Monday, 25 April 2016

Maestra, by L S Hilton (a review)

In a new edition of the occasional series, I want to tell you about a book I've read and really enjoyed.  This summer, I'm planning to write a dark psychological thriller and I'm reading more and more in that genre at the moment.
By day, Judith Rashleigh is a put-upon assistant at a London auction house - British Pictures

By night she's a hostess in one of the capital's unsavoury bars.

Desperate to make something of herself, Judith knows she has to play the game. She's learned to dress, speak and act in the interests of men. She's learned to be a good girl. But after uncovering a dark secret at the heart of the art world, Judith is fired and her dreams of a better life are torn apart. 

So she turns to a long-neglected friend. 

A friend that kept her chin up and back straight through every past slight. 

A friend that a good girl like her shouldn't have: Rage.

Where do you go when you've gone too far?

Judith Rashleigh, through hard work and natural intelligence rather than family connections, works at British Pictures, one of London’s most prestigious auction houses.  Unfortunately, it’s not the big break she’d hoped for, as she spends her time taking her boss’ dirty laundry to the dry cleaners and fending off advances from ageing sellers.  Heavily in debt, a chance encounter with an old school friend introduces her to work as a hostess at a club in Mayfair where she excels in the role.  Very soon, she’s off with a client to the South of France and then things start to spiral out of control.

The novel is broken into four parts (plus an epilogue) and Judith (or Lauren, as she becomes known) certainly gets about.  Set in London (part one), France and Italy (parts two and three), Paris (part four) and Venice (the epilogue), this makes excellent use of the locations and they’re well described, Paris especially (it perhaps helps that I know the area the book is set in).  For me, only the second part doesn’t work, a self-indulgent section where Judith meets an almost-autistic multi-millionaire and spends a month on his private yacht, forty one pages that could have been encapsulated in one line - “worked our way down the coast, didn’t talk much, shagged the captain and stole something that was never explained”.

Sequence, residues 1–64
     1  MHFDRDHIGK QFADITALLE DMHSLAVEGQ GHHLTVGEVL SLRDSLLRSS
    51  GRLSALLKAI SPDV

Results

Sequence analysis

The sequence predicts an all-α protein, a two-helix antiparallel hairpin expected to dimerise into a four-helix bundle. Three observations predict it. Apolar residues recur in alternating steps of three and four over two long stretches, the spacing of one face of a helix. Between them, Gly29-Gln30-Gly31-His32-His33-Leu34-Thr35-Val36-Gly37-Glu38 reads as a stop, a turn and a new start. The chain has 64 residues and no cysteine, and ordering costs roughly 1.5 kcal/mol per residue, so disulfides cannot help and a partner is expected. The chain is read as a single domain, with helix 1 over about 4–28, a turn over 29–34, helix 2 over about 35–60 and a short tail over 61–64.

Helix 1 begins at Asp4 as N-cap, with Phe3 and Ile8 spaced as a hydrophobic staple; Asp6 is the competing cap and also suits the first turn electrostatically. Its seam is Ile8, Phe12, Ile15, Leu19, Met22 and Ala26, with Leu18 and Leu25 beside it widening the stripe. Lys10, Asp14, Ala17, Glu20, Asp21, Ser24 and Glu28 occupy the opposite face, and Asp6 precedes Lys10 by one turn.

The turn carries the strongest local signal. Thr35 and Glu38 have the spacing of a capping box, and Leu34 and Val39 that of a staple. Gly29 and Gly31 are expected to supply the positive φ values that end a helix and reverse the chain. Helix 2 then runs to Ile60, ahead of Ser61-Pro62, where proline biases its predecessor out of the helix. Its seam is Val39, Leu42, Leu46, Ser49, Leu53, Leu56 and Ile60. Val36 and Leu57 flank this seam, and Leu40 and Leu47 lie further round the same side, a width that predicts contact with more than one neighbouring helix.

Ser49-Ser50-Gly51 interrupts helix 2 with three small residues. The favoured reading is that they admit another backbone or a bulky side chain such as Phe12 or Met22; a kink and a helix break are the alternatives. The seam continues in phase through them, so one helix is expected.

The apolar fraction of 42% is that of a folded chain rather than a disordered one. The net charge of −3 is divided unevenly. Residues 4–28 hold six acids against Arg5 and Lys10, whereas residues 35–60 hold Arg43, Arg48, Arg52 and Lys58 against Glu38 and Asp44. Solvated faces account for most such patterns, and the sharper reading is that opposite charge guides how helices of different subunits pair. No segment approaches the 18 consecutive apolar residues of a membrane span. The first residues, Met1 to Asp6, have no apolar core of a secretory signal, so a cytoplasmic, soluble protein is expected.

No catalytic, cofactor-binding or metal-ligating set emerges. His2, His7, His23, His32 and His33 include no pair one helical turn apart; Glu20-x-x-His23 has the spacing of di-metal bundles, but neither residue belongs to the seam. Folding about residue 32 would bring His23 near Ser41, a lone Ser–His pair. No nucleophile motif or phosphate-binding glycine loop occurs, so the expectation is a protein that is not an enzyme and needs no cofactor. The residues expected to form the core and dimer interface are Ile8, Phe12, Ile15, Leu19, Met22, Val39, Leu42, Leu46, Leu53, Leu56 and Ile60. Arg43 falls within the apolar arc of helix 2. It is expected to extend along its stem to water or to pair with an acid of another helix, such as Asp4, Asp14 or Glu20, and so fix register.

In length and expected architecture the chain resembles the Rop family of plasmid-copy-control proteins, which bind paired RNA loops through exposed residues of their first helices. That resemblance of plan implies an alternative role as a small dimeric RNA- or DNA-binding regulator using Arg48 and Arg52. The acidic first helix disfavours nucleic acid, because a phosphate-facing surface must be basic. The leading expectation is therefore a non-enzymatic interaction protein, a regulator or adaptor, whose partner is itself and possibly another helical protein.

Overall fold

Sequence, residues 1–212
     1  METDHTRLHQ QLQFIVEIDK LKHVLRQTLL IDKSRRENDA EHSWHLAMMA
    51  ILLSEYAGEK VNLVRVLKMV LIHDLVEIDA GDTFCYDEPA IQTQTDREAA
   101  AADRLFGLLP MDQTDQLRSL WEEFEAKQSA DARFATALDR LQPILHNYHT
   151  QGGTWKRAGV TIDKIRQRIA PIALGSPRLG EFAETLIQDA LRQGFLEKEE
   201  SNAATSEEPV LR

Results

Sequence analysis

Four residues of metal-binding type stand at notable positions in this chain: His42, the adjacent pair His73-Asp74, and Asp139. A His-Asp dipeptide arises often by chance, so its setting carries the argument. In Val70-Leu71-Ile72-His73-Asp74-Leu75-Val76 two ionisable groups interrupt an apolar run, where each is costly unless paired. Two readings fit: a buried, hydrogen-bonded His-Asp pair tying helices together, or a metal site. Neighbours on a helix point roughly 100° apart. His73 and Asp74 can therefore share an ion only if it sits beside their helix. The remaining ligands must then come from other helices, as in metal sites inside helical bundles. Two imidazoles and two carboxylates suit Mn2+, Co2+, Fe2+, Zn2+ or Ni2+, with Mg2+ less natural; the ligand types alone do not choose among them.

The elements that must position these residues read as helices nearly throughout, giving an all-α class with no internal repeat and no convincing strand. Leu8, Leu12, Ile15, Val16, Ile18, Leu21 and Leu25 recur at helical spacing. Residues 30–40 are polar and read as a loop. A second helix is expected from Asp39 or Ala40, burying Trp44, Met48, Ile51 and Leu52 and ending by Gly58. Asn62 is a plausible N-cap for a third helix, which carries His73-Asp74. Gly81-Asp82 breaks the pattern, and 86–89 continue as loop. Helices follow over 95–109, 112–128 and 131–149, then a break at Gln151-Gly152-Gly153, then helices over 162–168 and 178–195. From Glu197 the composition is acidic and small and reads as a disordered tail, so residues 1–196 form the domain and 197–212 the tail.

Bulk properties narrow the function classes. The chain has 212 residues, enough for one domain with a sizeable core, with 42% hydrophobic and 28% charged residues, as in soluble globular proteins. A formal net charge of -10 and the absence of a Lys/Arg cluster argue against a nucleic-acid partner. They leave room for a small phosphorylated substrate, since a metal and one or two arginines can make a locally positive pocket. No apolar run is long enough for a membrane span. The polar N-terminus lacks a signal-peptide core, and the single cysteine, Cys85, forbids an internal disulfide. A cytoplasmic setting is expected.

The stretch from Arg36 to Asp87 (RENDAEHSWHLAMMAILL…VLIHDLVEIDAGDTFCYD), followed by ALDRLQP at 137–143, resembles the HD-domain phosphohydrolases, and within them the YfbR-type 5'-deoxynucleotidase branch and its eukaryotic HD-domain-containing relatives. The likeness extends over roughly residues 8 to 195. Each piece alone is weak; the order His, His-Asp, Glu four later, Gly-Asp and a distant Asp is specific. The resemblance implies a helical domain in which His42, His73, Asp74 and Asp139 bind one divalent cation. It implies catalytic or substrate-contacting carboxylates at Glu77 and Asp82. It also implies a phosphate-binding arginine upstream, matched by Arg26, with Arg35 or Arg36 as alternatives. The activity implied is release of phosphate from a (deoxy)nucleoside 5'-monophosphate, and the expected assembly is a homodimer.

Smart and assured, Judith is an observant character with a good eye for the finer things in life (art and fashion) who enjoys indulging in sensual pleasures (with men and women) and describes her clothing and accessories in detail (a trait I thought worked well).  She’s also a somewhat unreliable narrator who appears to start the book as Lauren Slaughter from Paul Theroux’s Dr Slaughter and morphs into Matty Walker from Body Heat part way through (with touches of Catherine Tramell from Basic Instinct) but always works the angle and tries to keep the upper hand.  In fact, I found I was rooting for her even when she was at her worst (and that happens on a couple of occasions) - apparently this is the first in a planned trilogy and it’ll be interesting to see where she goes next.

Sold as “the most shocking thriller you’ll read all year” I didn’t find it that bad at all - though I’m obviously coming at it from a horror reader viewpoint.  The sex is explicit certainly but generally good fun and the violence is brutal and unflinching but never played for gore’s sake - I can see that people might find it offensive but if they do, they shouldn’t really have picked this up in the first place.

Tightly constructed, with everything layering in nicely as the novel progresses, this has a decent pace (the second section aside).  With a sure sense of the art world, peopled with believable (if occasionally grotesque) characters and built around a strong femme fatale lead, I enjoyed this and would recommend it.

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